Some eight hundred years ago a girl died in the area that would be later called New England.
Her family was camping in an area now known as Blaxland’s Flat some 15 miles south west of modern Grafton. This is hilly country with long deep narrow valleys running north-south between sandstone ridges down which rush creeks often turbulent after heavy rain ending in the Orara River. It was also country with a high sacred value to the people of that time.
Six miles to the north are a series of stone arrangements on the western side of Skinner’s Swamp. Nearby are artworks including a three foot long fish like figure and a large goanna. A mile to the north east, we enter rougher country. Here in the many rock shelters we find one of the largest concentrations of Aboriginal art in the Northern River.
While the evidence is still uncertain, all these sites appear to belong to the same period, the centuries surrounding the death of Blaxland’s Flat girl.
We do not know why she died, although there is no evidence of foul play. We do know that she was loved. On her death, her family cut a shroud from the bark of a bloodwood tree and wrapped her in it. They then carried her to what could well have been the family deposition site.
Aboriginal people interred their dead at different ways at different times over the millennia. Sometimes, bodies were placed in trees to allow the flesh to rot for later burial. Sometimes, bodies were cremated and the bones then broken and deposited. At other times, the dead were tied up in sitting positions with their legs bent so that they could leap to the future chase. They were then buried in shallow graves, covered by brush.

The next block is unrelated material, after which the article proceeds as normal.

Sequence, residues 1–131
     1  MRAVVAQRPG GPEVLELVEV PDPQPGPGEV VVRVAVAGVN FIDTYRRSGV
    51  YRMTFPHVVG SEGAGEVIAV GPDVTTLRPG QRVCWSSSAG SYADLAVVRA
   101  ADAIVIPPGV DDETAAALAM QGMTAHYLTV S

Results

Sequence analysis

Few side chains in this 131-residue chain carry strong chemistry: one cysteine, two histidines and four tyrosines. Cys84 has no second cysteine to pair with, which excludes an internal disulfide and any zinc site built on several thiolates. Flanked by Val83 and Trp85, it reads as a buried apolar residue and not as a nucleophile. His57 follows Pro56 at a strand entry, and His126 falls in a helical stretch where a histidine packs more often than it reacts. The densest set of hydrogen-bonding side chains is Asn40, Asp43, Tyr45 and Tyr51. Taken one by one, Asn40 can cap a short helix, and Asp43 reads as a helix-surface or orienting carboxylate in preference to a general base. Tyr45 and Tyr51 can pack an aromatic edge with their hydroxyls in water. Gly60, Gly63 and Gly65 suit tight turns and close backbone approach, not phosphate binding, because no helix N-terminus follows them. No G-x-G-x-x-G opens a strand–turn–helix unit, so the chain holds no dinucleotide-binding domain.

In Blaxland’s Flat girl’s case, they carried her from the camp to a low hung rock shelter set back in a cliff a bit under eight feet from the ground. This height was probably intended to protect the site from predators. There they deposited her body, protected at some point by a sandstone wall.
I say that we know that this was probably a family site, for at least fifteen people were deposited there.
Blaxland’s Flat Girl rested for the next eight hundred years, although family hopes about disturbance proved illusory. It is clear that that the site was visited, probably by one of the large tree goannas found in the area. These tear the flesh with long claws, feeding on the remains. They could certainly have entered the site.
Late in 1963, dingo hunters found the site. This was reported to Isabel McBryde at the University of New England who mounted a carefully planned rescue dig. After eight hundred years, Blaxland’s Flat girl returned to the public gaze. Now after meticulous scientific research, we have a human being to fit into the often dry record revealed by archaeological remains.
Note to readers: This column began in the Armidale Express. Earlier in 2012 it was replaced by a new column called the Views of Gen Y in order to make the paper seem more relevant. Tsk! I am continuing the series because it gives me a chance for a different type of writing. You can see all the columns by clicking here for 2009, here for 2010, here for 2011, here for 2012.